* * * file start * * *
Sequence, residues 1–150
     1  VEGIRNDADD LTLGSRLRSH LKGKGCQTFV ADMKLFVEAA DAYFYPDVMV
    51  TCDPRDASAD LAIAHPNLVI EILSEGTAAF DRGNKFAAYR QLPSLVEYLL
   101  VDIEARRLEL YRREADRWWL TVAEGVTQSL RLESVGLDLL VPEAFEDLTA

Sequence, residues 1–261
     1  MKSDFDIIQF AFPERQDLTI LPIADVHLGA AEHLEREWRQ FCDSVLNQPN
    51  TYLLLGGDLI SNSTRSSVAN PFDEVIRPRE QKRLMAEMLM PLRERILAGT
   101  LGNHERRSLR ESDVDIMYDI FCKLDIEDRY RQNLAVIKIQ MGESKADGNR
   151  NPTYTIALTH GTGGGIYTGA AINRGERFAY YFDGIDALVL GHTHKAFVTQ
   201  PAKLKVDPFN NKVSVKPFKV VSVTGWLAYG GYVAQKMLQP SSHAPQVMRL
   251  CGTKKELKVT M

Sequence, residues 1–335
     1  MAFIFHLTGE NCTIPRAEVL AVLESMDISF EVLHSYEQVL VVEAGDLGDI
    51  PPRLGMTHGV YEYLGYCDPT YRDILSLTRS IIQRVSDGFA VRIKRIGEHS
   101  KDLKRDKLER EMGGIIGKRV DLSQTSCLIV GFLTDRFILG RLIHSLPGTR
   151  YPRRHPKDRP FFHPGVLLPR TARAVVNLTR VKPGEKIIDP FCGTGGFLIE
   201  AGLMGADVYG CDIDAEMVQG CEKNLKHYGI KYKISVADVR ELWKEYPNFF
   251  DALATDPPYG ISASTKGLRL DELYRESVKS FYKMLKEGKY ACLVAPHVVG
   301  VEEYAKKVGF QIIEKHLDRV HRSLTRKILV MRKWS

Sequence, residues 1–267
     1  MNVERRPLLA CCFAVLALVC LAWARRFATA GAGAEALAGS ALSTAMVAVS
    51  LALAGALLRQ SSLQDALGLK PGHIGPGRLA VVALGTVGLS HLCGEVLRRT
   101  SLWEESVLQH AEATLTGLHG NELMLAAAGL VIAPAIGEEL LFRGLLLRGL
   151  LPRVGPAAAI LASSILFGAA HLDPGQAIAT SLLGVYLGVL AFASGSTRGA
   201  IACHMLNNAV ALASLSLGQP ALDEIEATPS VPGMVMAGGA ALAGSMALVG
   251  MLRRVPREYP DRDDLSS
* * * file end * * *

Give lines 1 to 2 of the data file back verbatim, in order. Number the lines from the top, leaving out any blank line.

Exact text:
Sequence, residues 1–150
     1  VEGIRNDADD LTLGSRLRSH LKGKGCQTFV ADMKLFVEAA DAYFYPDVMV